Kelowna seeking federal money to build a new electric bus depot - InfoNews

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Kelowna seeking federal money to build a new electric bus depot

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June 24, 2019 - 4:49 PM

KELOWNA - Moving its bus garage to a site near UBC Okanagan and rebuilding the Orchard Park bus station are two of five projects the City of Kelowna is hoping will be mostly funded by the federal and provincial governments.

A new funding program has the federal and provincial governments each paying 40 per cent. The city's 20 per cent share would actually be cut to 17 per cent by some regional funding.

Topping the list is the Hardy Road bus garage. It’s 25 years old, filled beyond capacity and there is no more land in that area to allow for expansion, Jerry Dombowsky, the city's transit and programs manager told council today, June 24.

The depot is used to repair, maintain, fuel and store the regional bus fleet.

B.C. Transit has earmarked $70 million for the Central Okanagan with the "Transit Operations Centre" at the top of its list.

Going along with a new depot is the conversion of the Okanagan bus fleet to electric buses.

Kelowna is the second largest fleet in the B.C. Transit system, next to Victoria. That means it may not all be converted by 2025 - the hoped for time for the new depot to open. If that happens, the old site can still be used so there is no risk of diesel fuel contamination at the new site.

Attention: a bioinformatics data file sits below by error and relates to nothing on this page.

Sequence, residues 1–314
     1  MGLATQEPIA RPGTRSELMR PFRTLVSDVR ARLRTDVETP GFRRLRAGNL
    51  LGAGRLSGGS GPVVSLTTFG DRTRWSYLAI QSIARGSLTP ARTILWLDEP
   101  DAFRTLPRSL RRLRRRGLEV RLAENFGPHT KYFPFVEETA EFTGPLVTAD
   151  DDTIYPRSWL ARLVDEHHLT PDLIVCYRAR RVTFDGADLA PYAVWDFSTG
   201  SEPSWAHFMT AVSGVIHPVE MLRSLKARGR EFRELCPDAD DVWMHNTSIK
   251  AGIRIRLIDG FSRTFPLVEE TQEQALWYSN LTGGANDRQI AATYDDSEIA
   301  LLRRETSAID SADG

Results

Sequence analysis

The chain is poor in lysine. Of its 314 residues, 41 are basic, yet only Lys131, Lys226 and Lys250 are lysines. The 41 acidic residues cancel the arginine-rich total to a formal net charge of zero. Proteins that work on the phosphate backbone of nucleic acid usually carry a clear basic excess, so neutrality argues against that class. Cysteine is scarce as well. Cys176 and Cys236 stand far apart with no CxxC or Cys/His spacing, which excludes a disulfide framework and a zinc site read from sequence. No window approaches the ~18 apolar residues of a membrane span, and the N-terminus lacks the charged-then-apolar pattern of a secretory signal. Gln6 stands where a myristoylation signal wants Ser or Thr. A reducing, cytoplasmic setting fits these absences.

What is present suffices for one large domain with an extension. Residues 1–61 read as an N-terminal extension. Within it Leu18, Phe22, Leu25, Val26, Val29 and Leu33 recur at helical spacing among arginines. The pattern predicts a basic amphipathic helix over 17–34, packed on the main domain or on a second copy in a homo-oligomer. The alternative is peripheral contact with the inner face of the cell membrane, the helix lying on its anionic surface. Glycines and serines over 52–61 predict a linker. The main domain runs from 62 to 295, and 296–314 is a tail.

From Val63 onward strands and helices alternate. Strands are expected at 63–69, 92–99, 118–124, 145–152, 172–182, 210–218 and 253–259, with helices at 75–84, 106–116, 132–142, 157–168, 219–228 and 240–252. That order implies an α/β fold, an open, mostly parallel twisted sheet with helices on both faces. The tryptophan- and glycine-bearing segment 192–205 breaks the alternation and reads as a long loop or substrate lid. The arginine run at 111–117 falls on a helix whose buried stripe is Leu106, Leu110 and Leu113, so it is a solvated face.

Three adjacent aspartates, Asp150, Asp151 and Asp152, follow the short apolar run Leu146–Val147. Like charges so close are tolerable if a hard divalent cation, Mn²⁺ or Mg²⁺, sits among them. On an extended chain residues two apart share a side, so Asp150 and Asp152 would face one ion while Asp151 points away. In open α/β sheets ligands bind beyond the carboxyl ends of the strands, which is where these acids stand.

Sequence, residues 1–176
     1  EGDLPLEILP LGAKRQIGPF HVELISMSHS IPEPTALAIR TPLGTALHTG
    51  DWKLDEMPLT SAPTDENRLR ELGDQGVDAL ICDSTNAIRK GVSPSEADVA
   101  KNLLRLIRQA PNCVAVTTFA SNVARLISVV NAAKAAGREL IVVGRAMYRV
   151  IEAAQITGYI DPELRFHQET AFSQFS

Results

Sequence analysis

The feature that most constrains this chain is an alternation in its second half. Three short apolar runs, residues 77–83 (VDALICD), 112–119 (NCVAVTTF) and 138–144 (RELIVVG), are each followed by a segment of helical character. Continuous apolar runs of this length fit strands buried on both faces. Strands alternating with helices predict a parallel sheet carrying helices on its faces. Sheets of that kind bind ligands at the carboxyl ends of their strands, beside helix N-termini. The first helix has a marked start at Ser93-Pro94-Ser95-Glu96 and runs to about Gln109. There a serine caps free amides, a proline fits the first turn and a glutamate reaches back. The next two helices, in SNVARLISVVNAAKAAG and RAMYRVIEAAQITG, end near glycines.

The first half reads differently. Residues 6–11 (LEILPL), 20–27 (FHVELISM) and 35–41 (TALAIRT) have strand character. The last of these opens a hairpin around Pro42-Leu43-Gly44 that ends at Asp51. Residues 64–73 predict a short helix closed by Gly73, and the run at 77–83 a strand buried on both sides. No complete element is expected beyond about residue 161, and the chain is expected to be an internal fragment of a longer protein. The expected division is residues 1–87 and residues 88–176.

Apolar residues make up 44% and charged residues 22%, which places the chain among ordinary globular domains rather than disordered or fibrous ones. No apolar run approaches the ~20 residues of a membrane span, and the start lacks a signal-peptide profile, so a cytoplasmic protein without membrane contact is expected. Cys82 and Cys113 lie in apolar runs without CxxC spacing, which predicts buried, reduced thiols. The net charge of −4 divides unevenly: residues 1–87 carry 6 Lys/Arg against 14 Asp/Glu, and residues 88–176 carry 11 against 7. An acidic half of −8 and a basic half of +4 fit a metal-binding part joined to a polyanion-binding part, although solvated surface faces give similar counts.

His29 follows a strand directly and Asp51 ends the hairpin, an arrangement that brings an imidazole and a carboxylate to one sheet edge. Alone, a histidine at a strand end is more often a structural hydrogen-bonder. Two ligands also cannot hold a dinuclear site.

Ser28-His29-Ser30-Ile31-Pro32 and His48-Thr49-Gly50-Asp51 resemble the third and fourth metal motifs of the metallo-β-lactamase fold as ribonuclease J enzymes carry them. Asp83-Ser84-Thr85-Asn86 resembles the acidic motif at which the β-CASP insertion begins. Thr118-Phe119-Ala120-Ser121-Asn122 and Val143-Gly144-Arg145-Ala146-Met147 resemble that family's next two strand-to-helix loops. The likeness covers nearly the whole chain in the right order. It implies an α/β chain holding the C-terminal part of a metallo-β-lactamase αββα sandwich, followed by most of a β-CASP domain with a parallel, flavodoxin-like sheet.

The new location was known as the Serwa lands. It's near the Highway 97 overpass near the UBCO campus and will be bounded by a Hollywood Road extension and a new "multi-modal" route that will link to a Highway 33 extension to downtown.

While the location is some distance from the main bus stations, the cost of the land was so much cheaper than buying nearer the centre of the city and, Dombowsky noted, there are no 20-plus acre parcels of land readily available closer to the city's centre.

It's also in the Agricultural Land Reserve so will have to be excluded before it can be used.

Before applying for the grant, a $200,000 study is needed, funded 50 per cent by B.C. Transit.

There are also four bus station projects that will be studied with another $350,000 from the city, also in the hopes they will qualify for the new grants program.

That includes a revamp of the Orchard Park transit station. It’s the second busiest in the region with two-thirds of all transit trips passing through it, yet it’s on private land with no formal lease agreement.

The Mission Recreation Centre transit exchange also needs to be redesigned since it requires buses to navigate narrow and busy interior roads that slow the buses down and triggers conflicts with motorists.

A park and ride option at the new Rutland station and expanded service to Kelowna Airport will also be studied.


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